I know I've vanished. I may end up taking a hiatus from the blog, or going private - drop me a line if you'd like a password in the event that I do. I did finish that project, and it turned out well - computers are not playing nice with blogger, but I'll post a picture some time. For now, I've just dropped in to share a passage from In the School of the Holy Spirit, which the book discussion group at my parish is reading:
God's will, and the inspirations of his grace, obviously often go in the opposite direction from our immediate tendencies, in the sense that our tendency is often toward the desire for selfish comfort, ease, laziness, and so on. St. John of the Cross tells us, in a celebrated passage:
"Let the soul apply itself ceaselessly not to what is easiest, but to what is most difficult . . . , not to what pleases, but to what displeases."
He is not wrong to say this, in that context. But we should not interpret his maxims wrongly, or take as a systematic rule for discerning God's will the principle that in any given situation what he asks of us will always be what is most difficult. That would make us fall into an exaggerated ascetical voluntarism that had nothing to do with the freedom of the Holy Spirit. We might even add that the idea that God is always asking us for what we find most difficult is the kind of thought that the devil typically suggests in order to discourage people and turn them away from God.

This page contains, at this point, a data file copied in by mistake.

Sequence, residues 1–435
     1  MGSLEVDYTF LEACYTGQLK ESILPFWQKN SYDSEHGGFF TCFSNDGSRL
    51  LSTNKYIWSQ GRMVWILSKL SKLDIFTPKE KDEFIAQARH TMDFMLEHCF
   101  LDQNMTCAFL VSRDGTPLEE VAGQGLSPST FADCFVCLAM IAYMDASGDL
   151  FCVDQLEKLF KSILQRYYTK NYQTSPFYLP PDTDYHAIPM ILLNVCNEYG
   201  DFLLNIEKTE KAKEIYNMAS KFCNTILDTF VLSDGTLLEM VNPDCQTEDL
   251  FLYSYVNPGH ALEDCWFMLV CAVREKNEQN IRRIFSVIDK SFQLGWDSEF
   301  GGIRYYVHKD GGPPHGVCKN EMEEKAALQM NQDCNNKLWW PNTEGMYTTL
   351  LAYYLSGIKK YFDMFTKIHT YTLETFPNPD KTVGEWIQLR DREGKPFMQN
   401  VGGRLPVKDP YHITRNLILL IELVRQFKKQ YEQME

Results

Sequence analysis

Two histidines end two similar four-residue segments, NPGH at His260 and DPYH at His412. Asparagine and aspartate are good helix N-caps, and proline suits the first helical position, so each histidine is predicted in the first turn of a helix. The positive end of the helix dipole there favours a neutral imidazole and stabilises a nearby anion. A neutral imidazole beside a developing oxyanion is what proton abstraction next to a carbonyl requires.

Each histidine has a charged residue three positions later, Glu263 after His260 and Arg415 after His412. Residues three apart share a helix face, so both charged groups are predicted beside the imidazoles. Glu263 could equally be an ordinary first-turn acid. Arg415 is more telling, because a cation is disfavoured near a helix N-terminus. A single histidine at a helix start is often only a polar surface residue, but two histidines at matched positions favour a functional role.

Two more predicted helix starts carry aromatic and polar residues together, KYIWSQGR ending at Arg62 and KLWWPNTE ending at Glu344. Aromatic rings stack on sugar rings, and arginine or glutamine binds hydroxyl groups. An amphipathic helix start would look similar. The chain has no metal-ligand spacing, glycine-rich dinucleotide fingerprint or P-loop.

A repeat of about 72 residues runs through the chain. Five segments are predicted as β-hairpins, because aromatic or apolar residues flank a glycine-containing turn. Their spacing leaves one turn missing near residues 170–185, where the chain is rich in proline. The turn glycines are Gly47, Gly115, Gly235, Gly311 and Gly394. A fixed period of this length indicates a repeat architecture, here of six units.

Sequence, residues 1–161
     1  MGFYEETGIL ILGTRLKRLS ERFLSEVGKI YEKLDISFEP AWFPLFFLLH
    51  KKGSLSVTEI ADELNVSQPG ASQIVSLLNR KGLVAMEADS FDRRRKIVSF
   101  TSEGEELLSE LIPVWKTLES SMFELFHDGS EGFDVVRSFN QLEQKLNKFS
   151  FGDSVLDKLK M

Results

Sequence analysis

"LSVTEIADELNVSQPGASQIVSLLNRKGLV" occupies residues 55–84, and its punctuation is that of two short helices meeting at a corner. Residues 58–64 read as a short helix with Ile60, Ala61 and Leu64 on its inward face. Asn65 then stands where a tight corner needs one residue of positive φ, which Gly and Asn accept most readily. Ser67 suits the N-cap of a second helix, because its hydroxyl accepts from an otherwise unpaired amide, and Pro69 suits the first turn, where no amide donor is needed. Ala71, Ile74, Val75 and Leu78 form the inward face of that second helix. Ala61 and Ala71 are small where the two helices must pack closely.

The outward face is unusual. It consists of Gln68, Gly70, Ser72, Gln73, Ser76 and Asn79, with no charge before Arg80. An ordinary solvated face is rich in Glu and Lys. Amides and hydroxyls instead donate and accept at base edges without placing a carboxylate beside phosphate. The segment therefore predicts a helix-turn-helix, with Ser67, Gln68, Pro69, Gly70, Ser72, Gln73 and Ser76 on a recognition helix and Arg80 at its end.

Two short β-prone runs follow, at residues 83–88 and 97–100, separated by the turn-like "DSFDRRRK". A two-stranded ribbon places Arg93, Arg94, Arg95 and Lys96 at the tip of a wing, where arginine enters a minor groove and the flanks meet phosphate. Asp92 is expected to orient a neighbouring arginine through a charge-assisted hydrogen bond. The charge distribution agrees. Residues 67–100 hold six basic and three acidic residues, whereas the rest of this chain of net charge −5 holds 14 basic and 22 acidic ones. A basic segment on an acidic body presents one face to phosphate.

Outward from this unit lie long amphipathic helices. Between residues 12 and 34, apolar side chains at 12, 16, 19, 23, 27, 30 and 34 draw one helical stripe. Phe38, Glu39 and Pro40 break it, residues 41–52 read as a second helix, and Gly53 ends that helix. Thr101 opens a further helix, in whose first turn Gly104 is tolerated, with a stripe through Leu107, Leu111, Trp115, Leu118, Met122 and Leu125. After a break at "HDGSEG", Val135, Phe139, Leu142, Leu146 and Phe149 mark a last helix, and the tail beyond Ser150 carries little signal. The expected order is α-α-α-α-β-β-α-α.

God is a Father, and he is certainly a demanding one because he loves us and invites us to give him everything; but he is not an executioner. He very often leaves us to our free choice. When he requires something of us, it is to help us grow in love. The only commandment is to love. We can suffer for love, but we can also rejoice in love and rest in love. It is a trap of our imagination or of the devil to picture a life spent following God as something imprisoning, in complete, constant contradiction with all our own desires, even the most legitimate ones.
Five years ago, I wasn't ready to read this. I am frustrated that I've spent so much of my life at idle speed, running in circles, even headed straight backward. But God knows I'm made of pretty poor stuff, and is there to draw me along the path at the halting speed I'm capable of. Today, this year, I needed to read this. Maybe you did, too.